The NBA conducted a hasty investigation, and Michael Jordan himself was summoned to New York City in March 1992, to explain the situation at league headquarters. Commissioner David Stern listened carefully, sifted through all the evidence and warned him to be more careful about his associates. The second investigation—begun in June 1993, after Michael allegedly ran up over a million dollars more in gambling losses to a San Diego businessman—ended quietly two days after he retired.

Michael’s wrath at the media for reporting his gambling problems waxed red after James Jordan’s death.

“Throughout this painful ordeal,” Michael said in a statement issued on August 19, “I never wavered from my conviction that Dad’s death was a random act of violence. Thus, I was deeply disturbed by the early reports speculating that there was a sinister connection [between Michael’s gambling activities and] Dad’s death. I was outraged when this speculation continued even after the arrest of the alleged murderers. These totally unsubstantiated reports reflect a complete lack of sensitivity to basic human decency.”

Right. No connection whatsoever. James Jordan, a fast-living man with a 1985 felony conviction for taking a kick-back, business debts and gambling problems of his own, father of the most celebrated man on the planet, disappears for three weeks, during which time his birthday falls, and nobody—not his wife and not the world-famous son who considered him a best friend—files a missing-person report. He winds up shot dead in the dark of hell’s backyard, dumped into a swamp in another state and burned as an anonymous pauper. His car is found sixty miles away, where the police take nearly a week to identify it. His widow says he called three days after he supposedly died. Within forty-eight hours of his identification, a backwoods sheriff produces two of an endless supply of blank, born-violent minority youths and puts them on trial for their lives after another open-and-shut investigation of another random killing in Robeson County.

Larry Demery and Daniel Green will stand before the law and Court TV and most likely be found guilty, no matter where the trial is held. Demery has a prayer of avoiding lethal injection: He’s scared to death and talking. His version of what happened on July 23 keeps changing in small, telling details, but each revision adds to the burden of Daniel Green’s presumed guilt.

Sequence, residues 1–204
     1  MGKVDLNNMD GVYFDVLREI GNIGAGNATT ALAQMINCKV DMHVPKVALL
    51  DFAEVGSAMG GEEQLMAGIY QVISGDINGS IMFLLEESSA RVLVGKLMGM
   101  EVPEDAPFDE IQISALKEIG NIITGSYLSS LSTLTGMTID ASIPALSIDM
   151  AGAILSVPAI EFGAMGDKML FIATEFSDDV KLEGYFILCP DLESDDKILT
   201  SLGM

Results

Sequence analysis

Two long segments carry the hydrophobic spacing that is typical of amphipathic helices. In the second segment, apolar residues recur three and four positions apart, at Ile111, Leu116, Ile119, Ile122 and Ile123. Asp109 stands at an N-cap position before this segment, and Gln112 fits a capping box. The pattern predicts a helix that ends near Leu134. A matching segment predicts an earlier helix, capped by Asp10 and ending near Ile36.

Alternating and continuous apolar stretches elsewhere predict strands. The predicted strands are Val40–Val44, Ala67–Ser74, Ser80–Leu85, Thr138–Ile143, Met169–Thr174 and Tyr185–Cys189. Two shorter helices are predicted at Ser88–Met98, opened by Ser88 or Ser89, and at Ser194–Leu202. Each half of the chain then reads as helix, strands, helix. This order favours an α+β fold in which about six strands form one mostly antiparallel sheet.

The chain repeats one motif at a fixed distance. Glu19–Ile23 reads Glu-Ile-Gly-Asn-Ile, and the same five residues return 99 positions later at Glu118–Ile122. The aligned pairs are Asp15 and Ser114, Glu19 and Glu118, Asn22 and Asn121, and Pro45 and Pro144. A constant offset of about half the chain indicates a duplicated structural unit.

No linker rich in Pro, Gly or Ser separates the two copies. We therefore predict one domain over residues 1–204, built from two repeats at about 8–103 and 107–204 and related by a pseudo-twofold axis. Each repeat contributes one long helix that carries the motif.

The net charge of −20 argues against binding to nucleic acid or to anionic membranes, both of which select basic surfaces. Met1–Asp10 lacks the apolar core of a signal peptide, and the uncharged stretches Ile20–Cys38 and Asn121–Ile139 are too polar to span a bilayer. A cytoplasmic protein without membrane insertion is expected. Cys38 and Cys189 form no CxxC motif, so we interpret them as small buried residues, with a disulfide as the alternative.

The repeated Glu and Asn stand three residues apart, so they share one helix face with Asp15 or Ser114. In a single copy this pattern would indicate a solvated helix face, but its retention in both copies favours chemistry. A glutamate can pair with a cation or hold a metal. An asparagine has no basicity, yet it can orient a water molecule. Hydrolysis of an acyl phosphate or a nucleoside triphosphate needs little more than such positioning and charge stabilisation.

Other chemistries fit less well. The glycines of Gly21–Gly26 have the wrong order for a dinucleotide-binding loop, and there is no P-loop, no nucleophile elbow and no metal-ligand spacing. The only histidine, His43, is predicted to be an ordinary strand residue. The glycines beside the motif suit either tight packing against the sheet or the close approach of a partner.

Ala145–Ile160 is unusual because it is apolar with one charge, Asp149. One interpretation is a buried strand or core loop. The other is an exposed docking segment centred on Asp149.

“I think he may turn state’s evidence,” Daniel says during a January phone call, after Demery told a local reporter that Green may have been involved in drug dealing, that Green wanted to swap the Lexus for guns, drugs or money and that prison had “put hatred in him or something.”

Green isn’t bothered by what Demery says or worried about his fate.

“I can’t be mad at him. I’m mad I’m in here, period. I don’t think I should be in here. I’ll be honest with you: I came out of prison cynical. About the whole world in general, and our justice system specifically. But I’ve never been hard. Even when I was in prison, I ain’t never tried to play hard. I tried to get my education. I wrote poems and stuff.”

Green had become a Muslim in prison, had gotten his GED, taken some correspondence courses from the University of North Carolina and been accepted at three colleges. He had been reporting regularly to his parole officer and wooing his fiancée, who now writes him every day. He seems serene, laughing as he denies what Demery alleged.

“It’s all a lie,” he says. “I could say something now, and I could prove it and make him look foolish—him and his lawyer, everybody. But I’m going to say it when I go to court, at the right time. They ain’t got proof. They don’t have the proof.”

Did someone besides Green or Larry Demery kill James Jordan?

“I don’t know,” Daniel answers. “I know Daniel Green didn’t. That’s the only thing that I could swear to.”

Larry Demery became a father last September, five weeks after he’d been arrested. A photo of his daughter, Taylor Yvette, sits on the TV in the living room of the Demerys’ trailer, framed in silver.

“I couldn’t throw my life away by taking someone else’s,” he told the newspaper. “I’ve got too much to live for.”

Even if he turns state’s evidence, Demery may well get life. Either way, Daniel Green probably is headed to death row, where he’ll wait with 117 others, nearly half of them African-American. Someone killed James Jordan, and Sheriff Stone has all the proof Robeson County has ever required: two poor boys, one Indian, one black. The absence of physical evidence or witnesses, the conflicting dates and possible sightings, the botched Lexus investigation, the uncertainty as to the time and place of death—such things don’t fit and therefore don’t matter.

Michael Jordan hopes to play baseball; then, in twenty years, maybe the PGA Senior Tour. He has no comment.

[Featured Illustration: Sam Woolley/GMG]